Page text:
Harlow Garden Village Conservation Area
Designation of the Harlow Garden Village Area was based on two considerations: the general characteristics of the area, and the features of the individual houses. The general character of the area is defined by some typical Garden Village features including front garden hedges and lawns, grass verges along the kerb and a significant 'group value' deriving from a high degree of architectural similarity. Some of the houses have distinctive steep pitched roofs (especially between 19 to 53 The Hill and 4 to 30 St. John's Avenue), others have distinctive sweeping gables (especially between 2 and 60 Manor Road), and some display a distinctive palette of beige, yellow, pink and light blue pastel colours, especially on Manor Road and The Hill. Many still have their original doors and canopy porches.
Harlow Garden Village is a legacy of the entrepreneurial spirit of two members of a Harlow family, and their dreams of economic success. Basil Scruby lived in a half-timbered house in Fore Street where he established a short-lived doll factory. One of the dolls can be seen in the Museum of Harlow. In the 1920's he and his brother Charles unveiled an ambitious plan to develop a new housing estate on a large site bounded by what is now Station Road on the west, Priory Avenue on the north, Old Road on the east and the backs of the properties along Bury Road on the south. Significantly they referred to their planned estate as a Garden Village. Readers familiar with St. John’s may be interested to know that the Churchill Park development was referred to in the same way.
The Garden City movement was a reaction against the environmental and social problems of large, industrialized English cities. The idea was popularized in 1898 by Ebenezer Howard, with the publication of his book Tomorrow: A Peaceful Path To Real Reform, which was re-published in 1902 under its more familiar, but inappropriate title Garden Cities of To-Morrow. Howard believed tht the human condition could be improved by the construction of planned, self-contained communities surrounded by greenbelts, and containing a balance of residential, industrial and agricultural areas. The basic Garden City design principles required that houses be laid out at densities lower than the prevailing norm, so their occupants could enjoy sunlight, fresh air and garden space, things that the residents of Victorial terraced houses lacked. Only two true Garden Cities were built: Letchworth and Welwyn Garden Cities, but there were many degraded copies, including Hampstead Garden Suburb in London. In spite of the limited immediate impact of Howard's work, the basic principles which underlie his work were incorporated into the design criteria which governed the eight New Towns built around London in the aftermath of World War II. One of them is Harlow.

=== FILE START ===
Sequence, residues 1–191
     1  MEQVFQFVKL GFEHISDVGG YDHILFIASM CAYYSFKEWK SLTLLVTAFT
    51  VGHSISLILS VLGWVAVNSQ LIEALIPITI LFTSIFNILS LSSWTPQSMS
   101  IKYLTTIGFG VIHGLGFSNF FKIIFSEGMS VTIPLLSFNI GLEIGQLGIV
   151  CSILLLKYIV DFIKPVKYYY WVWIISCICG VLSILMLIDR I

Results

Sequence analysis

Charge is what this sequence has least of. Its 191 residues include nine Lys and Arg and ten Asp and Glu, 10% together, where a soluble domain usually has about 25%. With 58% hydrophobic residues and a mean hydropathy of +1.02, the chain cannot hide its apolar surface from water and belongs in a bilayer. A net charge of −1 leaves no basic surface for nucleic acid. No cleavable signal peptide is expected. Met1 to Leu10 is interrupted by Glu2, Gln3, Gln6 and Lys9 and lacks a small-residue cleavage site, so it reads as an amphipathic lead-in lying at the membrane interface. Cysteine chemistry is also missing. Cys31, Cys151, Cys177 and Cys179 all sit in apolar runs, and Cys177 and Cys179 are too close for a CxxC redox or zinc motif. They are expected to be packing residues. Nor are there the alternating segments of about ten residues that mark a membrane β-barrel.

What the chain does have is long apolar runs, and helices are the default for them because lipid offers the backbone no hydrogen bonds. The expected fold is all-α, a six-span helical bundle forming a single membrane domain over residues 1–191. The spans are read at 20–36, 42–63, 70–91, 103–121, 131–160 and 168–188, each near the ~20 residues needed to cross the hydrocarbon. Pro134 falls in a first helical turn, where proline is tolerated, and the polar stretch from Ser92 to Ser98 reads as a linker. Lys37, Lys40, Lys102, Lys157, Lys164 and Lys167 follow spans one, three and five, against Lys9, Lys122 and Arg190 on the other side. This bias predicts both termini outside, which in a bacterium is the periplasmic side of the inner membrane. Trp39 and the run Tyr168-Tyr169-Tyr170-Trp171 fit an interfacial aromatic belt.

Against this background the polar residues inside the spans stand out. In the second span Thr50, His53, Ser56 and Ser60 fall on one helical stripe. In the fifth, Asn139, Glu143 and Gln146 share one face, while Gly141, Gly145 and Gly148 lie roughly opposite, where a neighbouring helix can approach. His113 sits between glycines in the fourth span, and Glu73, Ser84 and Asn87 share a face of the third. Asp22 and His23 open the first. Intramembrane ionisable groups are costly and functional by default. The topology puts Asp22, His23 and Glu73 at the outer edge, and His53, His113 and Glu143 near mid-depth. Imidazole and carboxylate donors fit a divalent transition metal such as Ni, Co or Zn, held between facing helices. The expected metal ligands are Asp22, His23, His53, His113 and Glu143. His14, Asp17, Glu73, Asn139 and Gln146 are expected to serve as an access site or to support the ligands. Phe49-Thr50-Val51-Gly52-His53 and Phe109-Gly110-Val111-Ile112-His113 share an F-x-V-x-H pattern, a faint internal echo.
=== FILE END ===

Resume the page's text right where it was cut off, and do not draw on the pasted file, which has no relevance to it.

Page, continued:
The Scruby proposal for Harlow was one of the many attempts to cash in on the commercial appeal of the idea. The intention was to create a rural idyll that would attract city dwellers who wanted to escape from London. Then, as now, the proximity of Harlow to London was an important part of the advertising, and the reason that the Great Eastern Railway agreed to have its name associated with the project. The Harlow Estates Company was set up to market building plots along St. John's Avenue, Manor Road and The Hill. The project was not a success, and only a few houses were built. However Harlow Council recognized the uniqueness of this chapter in Harlow's development history, and designated the Conservation Area to protect it.